I believe all the countries in Europe determine their standard of money in gold as well as silver. Thus the laws of England direct that a pound troy of gold, of 22 carats fine, shall be cut into 44½ guineas each of which shall be worth 21½ shillings, that is, into 956¾ shillings: this establishes the shilling at 5.5181 grains of pure gold. They direct that a pound of silver, consisting of 11 1/10 oz. pure silver and 9/10 of an ounce alloy, shall be cut into 62. shillings. This establishes the shilling at 85 9 3/100 grains of pure silver, and consequently the proportion of gold to silver as 85.93 to 5.518 or as 15.57 to 1. If this be the true proportion between the value of gold and silver at the general market of Europe then the value of the shilling, depending on these standards, is the same whether a paiment be made in gold or in silver. But if the proportion at the general market of Europe be as 15 to one, then the Englishman who owes a pound weight of gold at Amsterdam, if he sends the pound of gold to pay it, sends 1043.72 shillings. If he sends 15. pounds of silver, he sends only 1030.5 shillings: if he pays half in gold and half in silver, he pays only 1037.11 shillings. And this medium between the two standards of gold and silver, we must consider as furnishing the true medium value of the shilling. If the parliament should now order the pound of gold (of 1½alloy as before) to be cut into 1000. shillings instead of 956¾, leaving the silver as it is, the medium or true value of the shilling would suffer a change of half the difference: and in the case before stated, to pay a debt of a pound weight of gold at Amsterdam, if he sent the pound weight of gold he would send 1090.9 shillings, if he sent 15. pounds of silver he would send 1030.5 shillings, if half in gold and half in silver he would send 1060.7 shillings, which shews that this parliamentary operation would reduce the value of the shilling in the proportion of 1060.7 to 1037.11.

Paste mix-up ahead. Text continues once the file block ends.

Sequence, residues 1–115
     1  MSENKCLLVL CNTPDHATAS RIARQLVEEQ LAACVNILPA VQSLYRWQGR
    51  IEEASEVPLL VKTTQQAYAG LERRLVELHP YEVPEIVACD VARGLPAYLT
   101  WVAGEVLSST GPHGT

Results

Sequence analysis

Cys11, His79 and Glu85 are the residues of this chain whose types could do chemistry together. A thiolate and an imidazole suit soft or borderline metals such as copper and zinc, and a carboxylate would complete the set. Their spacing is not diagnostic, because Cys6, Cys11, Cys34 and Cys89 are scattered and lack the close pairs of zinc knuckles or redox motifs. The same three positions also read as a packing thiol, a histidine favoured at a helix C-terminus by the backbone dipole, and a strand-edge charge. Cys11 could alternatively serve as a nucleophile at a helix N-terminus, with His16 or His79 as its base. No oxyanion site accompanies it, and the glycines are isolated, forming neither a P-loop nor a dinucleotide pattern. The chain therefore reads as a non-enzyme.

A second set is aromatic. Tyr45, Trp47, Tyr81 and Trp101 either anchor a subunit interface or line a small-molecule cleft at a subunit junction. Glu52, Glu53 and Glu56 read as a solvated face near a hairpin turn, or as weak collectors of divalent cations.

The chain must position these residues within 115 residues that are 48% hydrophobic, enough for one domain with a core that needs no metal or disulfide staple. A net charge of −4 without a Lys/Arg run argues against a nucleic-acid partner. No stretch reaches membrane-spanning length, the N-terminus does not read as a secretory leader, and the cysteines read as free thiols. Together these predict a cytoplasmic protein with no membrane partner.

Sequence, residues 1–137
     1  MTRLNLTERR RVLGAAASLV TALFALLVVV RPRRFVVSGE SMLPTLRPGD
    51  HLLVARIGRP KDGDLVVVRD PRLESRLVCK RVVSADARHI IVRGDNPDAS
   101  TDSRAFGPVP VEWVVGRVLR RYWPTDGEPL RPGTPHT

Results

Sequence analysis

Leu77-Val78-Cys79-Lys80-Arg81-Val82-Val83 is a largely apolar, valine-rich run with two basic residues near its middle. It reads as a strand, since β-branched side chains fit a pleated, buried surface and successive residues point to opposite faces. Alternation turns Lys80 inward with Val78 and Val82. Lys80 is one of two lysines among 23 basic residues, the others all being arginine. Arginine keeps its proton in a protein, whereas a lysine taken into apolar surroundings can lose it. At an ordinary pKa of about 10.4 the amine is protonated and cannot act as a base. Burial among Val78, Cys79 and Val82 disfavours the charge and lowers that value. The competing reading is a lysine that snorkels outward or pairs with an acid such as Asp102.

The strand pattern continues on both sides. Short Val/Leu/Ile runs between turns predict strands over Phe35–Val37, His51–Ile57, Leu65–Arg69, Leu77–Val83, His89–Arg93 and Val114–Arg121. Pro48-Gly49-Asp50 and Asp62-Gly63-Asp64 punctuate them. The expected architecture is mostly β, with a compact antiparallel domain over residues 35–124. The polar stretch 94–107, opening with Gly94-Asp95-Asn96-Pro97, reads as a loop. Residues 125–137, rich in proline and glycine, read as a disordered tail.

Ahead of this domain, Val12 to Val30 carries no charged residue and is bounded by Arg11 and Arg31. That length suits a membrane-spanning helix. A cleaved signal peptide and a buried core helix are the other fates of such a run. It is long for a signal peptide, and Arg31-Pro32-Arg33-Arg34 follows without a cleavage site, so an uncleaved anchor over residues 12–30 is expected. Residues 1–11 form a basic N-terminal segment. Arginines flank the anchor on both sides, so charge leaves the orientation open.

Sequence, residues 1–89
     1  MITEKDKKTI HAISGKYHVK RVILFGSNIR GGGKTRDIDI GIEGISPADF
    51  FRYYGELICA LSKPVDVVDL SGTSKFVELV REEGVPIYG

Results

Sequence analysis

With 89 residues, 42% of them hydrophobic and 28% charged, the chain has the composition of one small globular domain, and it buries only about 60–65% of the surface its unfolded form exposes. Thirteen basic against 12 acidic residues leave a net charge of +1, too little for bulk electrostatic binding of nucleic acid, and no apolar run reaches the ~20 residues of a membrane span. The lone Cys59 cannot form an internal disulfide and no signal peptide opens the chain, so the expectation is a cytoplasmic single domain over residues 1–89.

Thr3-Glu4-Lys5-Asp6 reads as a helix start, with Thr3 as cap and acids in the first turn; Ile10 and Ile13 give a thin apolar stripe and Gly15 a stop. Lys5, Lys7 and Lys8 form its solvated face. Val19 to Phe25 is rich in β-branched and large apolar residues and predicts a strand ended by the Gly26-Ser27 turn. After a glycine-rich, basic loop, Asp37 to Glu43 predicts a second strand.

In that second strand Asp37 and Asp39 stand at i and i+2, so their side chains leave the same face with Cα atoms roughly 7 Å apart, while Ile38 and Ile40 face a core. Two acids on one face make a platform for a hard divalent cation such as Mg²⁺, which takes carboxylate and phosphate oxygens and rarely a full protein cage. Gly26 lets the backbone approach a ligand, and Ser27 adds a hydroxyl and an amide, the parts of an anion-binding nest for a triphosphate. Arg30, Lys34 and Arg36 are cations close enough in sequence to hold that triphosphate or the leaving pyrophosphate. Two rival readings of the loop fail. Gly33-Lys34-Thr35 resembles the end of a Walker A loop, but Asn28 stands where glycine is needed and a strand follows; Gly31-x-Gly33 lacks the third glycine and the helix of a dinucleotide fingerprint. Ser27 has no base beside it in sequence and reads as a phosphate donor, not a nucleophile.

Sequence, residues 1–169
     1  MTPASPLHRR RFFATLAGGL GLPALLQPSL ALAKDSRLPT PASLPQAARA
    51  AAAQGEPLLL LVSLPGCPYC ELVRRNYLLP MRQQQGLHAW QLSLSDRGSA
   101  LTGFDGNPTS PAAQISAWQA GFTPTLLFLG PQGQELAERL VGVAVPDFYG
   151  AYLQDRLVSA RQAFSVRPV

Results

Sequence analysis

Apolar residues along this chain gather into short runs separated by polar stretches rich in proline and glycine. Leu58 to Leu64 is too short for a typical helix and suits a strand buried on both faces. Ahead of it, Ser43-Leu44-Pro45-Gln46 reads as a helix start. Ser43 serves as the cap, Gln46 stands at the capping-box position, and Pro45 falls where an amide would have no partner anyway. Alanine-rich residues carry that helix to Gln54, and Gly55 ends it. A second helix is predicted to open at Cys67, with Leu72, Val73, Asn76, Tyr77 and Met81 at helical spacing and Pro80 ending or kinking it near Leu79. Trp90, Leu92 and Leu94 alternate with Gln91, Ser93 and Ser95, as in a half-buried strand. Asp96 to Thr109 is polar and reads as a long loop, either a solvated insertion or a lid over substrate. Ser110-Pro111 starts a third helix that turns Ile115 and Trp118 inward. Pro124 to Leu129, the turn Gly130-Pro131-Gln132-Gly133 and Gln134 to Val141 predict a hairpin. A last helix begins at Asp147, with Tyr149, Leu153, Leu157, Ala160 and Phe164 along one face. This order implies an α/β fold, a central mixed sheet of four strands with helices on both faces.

Now this is exactly the effect of the late change in the quantity of gold contained in your Louis. Your marc d’argent fin is cut into 53 4 5/100 livres (53₶9s) the marc de l’or fin was cut heretofore, by law, into 784 6/10 livres (784₶12s). Gold was to silver then as 14 88/100 to 1. and if this was different from the proportion at the markets of Europe, the true value of your livre stood half way between the two standards. By the Ordinance of Oct. 30. 1785. the marc of pure gold has been cut to 828 5/10 livres. If your standard had been in gold alone, this would have reduced the value of the livre in the proportion of 828.5 to 784.6. But as you had a standard of silver as well as gold, the true standard is the medium between the two, consequently the value of the livre is reduced only one half the difference, that is 806.6 to 784.6 which is very nearly 3. per cent. Commerce however has made a difference of 4. percent, the average value of the pound sterling formerly 24 livres, being now 25. livres. Perhaps some other circumstance has occasioned an addition of one per cent to the change of your standard.

I fear I have tired you by these details. I did not mean to be so lengthy when I began. I beg you to consider them as an appeal to your judgment which I value, and from which I will expect a correction if they are wrong. I have the honour to be with very great esteem & attachment Dear Sir Your most obedt. & most humble servt.,

Th: Jefferson

PrC (DLC).

On the day that this letter was written Gouverneur Morris called “on Mr. Jefferson and sit an Hour with him, which is at least fifty Minutes too long, for his Daughters had left the Room on my Approach and wait only my Departure to return, at least I think so” (Morris, Diary, i, 29). Possibly TJ discussed these calculations with him at that time, for the subject of standards of money was one that had brought them together tangentially in 1784 (see Vol. 7: 169–75).

1TJ altered almost all of the figures in this letter by overwriting, indicating that his first calculations were in error.

Index Entries